"Fuck this shit, I'm goin to Denny's"
      -Jesus Christ

Monday, April 16, 2012

The Business of Being Barry

So tonite is our last nite of music rehearsals. It's been more fun for me than usual since i'm not trying to memorize lyrics or vocal parts. Our musical rehearsals have thus far been (for me at least) more of a refresher course because i still know all the music with a couple places mixed in that I need to relearn.  I don't know about the rest of the cast members who were in the previous production, but Hi-Fi was a show that I continued to listen to after we closed. Usually once the show is done I put the cast album back into the cd folder in my car where it remains until a passenger fishes it out and goes "What the fuck is Urinetown?!"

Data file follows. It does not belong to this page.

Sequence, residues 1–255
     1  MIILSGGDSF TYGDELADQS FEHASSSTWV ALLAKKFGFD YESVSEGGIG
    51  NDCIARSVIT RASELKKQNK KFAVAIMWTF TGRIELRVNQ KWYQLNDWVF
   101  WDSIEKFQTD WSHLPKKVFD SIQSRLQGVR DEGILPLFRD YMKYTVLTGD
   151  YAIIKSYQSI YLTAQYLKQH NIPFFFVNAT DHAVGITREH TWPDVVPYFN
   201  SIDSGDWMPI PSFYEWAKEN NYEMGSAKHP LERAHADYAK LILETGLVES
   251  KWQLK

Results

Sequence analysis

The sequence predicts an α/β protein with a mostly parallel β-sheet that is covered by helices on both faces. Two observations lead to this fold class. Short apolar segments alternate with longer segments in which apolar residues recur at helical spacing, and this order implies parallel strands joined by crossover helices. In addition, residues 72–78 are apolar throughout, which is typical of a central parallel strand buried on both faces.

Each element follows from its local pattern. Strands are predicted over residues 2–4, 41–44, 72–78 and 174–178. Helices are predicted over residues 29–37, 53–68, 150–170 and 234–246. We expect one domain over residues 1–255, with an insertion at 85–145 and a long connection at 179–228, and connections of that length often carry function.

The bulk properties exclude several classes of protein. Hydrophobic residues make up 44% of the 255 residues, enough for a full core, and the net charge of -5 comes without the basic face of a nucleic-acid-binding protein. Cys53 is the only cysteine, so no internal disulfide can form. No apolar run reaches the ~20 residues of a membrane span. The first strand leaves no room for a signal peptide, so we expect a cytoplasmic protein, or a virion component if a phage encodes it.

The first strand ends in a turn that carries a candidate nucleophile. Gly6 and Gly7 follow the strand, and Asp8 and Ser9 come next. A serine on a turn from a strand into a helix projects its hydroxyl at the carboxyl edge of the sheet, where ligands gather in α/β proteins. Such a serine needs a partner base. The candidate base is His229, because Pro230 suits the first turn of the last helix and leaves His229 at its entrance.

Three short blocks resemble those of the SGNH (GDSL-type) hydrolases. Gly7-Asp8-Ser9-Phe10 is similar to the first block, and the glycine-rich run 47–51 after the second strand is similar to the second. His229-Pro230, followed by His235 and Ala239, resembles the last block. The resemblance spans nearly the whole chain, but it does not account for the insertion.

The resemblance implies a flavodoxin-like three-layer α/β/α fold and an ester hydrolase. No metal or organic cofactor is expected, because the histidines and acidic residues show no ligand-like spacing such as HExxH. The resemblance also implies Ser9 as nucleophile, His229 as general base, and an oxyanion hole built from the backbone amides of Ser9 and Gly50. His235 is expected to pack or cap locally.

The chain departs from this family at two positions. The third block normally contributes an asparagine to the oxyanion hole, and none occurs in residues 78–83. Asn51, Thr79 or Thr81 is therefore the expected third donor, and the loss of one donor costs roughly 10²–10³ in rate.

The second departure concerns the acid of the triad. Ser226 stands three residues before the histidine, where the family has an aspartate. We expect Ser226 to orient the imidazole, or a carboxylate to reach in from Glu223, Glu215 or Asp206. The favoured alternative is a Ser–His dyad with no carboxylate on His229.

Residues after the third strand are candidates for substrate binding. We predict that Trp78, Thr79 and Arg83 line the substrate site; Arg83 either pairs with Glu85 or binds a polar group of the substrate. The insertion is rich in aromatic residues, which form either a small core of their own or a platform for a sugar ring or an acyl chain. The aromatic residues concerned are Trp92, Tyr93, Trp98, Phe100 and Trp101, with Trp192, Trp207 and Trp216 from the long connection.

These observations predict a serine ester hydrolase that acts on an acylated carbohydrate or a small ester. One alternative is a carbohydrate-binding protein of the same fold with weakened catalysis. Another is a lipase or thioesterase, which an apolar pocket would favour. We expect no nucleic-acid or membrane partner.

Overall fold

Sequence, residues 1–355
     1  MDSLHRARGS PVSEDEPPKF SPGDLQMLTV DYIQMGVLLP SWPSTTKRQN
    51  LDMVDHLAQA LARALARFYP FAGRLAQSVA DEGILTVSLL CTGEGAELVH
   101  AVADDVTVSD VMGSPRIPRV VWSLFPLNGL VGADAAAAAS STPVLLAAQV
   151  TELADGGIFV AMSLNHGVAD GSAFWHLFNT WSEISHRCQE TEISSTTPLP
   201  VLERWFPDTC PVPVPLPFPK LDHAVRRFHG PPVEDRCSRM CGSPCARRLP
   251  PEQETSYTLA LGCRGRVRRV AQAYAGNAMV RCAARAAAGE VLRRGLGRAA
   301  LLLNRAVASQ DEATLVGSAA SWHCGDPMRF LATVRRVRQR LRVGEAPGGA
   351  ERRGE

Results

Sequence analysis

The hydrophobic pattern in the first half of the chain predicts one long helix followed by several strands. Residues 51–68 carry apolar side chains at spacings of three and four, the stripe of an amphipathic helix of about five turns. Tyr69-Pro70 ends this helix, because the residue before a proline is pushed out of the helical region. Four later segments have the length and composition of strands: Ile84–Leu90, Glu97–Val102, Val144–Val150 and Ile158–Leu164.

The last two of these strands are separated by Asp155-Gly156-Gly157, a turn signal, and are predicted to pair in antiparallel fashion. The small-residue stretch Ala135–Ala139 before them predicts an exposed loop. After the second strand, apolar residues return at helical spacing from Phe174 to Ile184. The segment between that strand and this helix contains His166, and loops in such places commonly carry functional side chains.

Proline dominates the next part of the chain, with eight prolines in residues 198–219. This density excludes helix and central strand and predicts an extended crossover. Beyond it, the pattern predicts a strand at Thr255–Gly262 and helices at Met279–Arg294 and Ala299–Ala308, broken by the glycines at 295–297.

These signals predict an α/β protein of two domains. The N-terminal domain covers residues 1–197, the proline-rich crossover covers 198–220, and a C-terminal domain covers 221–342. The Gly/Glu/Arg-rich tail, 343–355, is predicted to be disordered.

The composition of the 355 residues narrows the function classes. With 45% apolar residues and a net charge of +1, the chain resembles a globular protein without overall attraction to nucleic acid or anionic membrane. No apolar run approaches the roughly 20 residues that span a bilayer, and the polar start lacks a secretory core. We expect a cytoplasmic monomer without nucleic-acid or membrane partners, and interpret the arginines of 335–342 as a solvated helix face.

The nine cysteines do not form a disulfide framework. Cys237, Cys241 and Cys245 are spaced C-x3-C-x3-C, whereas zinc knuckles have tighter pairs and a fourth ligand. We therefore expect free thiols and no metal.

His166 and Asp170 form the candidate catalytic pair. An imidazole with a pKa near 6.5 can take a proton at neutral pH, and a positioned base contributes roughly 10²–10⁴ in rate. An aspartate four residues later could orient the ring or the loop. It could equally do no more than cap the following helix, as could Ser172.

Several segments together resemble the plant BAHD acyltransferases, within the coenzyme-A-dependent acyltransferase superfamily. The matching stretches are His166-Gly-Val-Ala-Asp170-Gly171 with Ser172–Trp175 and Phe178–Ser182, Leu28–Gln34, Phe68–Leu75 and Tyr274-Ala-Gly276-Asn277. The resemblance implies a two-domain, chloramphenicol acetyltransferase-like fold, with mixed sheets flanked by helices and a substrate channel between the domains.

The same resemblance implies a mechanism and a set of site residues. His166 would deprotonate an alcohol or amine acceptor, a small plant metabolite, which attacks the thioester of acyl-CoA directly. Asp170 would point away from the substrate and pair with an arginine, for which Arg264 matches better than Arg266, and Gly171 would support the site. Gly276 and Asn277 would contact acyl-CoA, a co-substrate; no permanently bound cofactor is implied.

But that wasnt the case with Hi-Fi. Part of what I think makes the music of this show so great is that literally every song is based off of others that we all know and many love. In our first run (as with this one) Scott supplied the cast with a cast album and an accompanying "Source-Rock" album of the myriad pop songs the show's musical numbers are derived from. Not only does a source-rock album help to illustrate the moods and general ideas behind the songs, but it gives the actors a place from which they can relate to the songs they perform in the show. Everybody has at least one song (I know for me it's every third song on the radio) that has the ability to transport them years, even decades, into the past. With something like that backing the music of the show, it provides each actor with an opportunity to connect individually to this music in a way that gives each of us our own personal view and approach.